Members of public witnessed unsafe working practices in Bristol city centre…
A construction company endangered the lives of its workforce and residents living in the vicinity of their site because they repeatedly ignored safety warnings issued by the HSE relating to the work they were carrying out in Bristol city centre.
The company was working on a project to convert the upper floors of a building into residential accommodation as well as adding timber floors on the top floor of the building.
During the course of this work the Health and Safety Executive (HSE) visited the site on six occasions between August and October 2011 after members of the public raised concerns about some of the working practices they witnessed.
Bristol Magistrates Court heard that health and safety Inpsectors who visited the site identified a number of safety issues including inadequate scaffolding, materials falling from the roof, mobile platforms being used without harnesses and a lack of edge protection to prevent falls.
As well as the multiple safety failings in the area of working at heights there were also fire risks found at the site due to the lack of fire extinguishers and any kind of alarm system and the fact there was no evidence of clearly marked emergency routes.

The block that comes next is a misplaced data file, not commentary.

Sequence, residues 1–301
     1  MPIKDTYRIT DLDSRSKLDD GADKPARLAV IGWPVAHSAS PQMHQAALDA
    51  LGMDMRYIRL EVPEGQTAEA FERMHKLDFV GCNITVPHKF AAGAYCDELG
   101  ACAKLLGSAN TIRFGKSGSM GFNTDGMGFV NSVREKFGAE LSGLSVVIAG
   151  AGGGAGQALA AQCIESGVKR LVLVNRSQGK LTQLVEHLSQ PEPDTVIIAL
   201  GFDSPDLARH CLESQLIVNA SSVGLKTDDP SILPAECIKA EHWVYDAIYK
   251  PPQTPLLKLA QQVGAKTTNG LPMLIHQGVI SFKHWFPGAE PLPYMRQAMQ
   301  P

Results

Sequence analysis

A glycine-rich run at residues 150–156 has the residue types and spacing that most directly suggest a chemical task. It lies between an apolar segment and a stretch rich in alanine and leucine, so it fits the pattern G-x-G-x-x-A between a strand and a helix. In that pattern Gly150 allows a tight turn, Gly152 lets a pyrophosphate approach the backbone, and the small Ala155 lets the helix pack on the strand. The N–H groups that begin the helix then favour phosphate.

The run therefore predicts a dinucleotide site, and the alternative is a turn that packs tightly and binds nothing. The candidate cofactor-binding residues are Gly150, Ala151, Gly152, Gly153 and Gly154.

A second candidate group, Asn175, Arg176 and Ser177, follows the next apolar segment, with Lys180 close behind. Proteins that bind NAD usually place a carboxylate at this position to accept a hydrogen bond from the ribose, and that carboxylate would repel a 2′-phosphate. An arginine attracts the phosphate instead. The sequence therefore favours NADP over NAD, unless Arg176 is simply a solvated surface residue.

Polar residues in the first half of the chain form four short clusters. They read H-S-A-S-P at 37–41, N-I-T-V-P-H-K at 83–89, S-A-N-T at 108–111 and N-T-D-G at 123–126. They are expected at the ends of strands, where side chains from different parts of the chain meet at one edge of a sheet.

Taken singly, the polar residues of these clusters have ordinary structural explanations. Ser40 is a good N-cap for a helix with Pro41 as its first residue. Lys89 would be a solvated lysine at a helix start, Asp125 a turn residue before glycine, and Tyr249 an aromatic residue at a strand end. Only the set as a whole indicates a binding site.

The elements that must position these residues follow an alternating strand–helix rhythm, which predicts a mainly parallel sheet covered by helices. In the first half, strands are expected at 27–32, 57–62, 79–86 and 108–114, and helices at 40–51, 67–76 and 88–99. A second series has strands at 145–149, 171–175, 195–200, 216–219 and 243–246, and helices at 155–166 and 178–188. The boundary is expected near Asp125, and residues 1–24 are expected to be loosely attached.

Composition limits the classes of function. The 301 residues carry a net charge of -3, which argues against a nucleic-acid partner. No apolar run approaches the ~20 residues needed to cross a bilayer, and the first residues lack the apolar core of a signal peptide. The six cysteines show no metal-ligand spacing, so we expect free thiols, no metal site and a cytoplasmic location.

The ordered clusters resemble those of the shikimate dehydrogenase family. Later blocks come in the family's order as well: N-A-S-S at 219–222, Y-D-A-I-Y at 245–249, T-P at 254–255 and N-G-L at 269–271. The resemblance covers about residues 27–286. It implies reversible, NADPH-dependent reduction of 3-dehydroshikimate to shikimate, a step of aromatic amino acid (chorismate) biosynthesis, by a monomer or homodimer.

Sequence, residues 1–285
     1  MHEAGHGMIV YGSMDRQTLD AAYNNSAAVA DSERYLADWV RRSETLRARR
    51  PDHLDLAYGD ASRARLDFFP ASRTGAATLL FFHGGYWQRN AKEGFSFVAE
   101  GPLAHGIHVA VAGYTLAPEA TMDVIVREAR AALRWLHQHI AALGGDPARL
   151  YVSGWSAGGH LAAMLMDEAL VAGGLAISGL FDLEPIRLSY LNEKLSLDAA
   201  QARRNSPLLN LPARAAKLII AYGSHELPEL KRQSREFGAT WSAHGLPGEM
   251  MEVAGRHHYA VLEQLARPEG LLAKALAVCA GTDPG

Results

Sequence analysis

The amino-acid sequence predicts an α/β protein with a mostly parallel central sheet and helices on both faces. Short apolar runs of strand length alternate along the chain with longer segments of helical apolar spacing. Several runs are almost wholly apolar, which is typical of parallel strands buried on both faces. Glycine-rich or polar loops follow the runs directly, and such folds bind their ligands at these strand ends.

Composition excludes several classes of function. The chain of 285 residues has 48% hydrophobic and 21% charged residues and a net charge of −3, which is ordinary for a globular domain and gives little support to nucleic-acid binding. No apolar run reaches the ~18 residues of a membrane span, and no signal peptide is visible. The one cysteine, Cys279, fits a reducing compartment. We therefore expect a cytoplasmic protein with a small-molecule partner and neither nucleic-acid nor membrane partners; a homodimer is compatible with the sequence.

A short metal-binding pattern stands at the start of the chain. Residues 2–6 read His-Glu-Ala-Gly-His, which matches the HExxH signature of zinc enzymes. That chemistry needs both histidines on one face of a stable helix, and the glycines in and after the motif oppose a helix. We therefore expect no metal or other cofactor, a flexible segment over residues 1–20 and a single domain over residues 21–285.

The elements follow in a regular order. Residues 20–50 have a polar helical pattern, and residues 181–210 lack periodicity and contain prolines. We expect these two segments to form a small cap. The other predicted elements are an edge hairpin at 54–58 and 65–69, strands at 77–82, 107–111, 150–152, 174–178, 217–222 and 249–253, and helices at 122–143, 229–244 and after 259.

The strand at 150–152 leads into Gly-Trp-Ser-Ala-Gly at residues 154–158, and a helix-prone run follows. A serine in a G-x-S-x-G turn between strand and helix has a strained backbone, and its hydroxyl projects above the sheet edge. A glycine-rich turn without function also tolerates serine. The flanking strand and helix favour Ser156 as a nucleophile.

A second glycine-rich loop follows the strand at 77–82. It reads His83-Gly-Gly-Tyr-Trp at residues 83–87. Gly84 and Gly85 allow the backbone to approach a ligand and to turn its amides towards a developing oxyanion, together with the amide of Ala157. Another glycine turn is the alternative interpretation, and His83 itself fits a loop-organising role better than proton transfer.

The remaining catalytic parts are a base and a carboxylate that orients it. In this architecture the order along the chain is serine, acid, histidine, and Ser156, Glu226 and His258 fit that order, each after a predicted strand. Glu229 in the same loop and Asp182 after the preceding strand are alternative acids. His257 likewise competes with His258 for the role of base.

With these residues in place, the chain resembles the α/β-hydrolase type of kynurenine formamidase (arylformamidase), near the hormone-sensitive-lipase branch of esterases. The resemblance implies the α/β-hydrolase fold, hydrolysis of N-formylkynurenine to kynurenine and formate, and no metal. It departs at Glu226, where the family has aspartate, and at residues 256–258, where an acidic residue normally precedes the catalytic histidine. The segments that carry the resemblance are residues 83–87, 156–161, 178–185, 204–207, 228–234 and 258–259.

The Health and Safety Executive issued several Prohibition Notices on the company requiring the company to cease work but decided to prosecute after it became apparent that dangerous working practices were continuing.
The company pleaded guilty to breaching Regulation 4(1) of the Work at Height Regulations 2005 and Regulation 38 of the Construction (Design and Management) Regulations 2007 and was fined a total of £10,000 in addition to costs of £4,629.
HSE Inspector Steve Frain spoke after the hearing:
“Right from the start of the job, the company was warned about its health and safety performance and individual directors were made aware of the initial failings we identified at the site.
“The number of follow-up inspections and interventions we made in this case went far beyond what would normally be required. The same risks were clearly pointed out at each inspection, yet still the company failed to take sufficient action.
“Falls from height are the single most significant cause of death or serious injury within the construction industry and timber frame construction methods pose a greatly increased fire safety risk that requires high standards of management and control throughout a project.
“Although there was no fire on this occasion, a fire on this site carried a high risk of serious injury to the workforce and members of the public.
“These are not minor technical breaches of the law. They show a failure of leadership across the company which led to a high risk of significant injuries.”
Author: Julian Roberts
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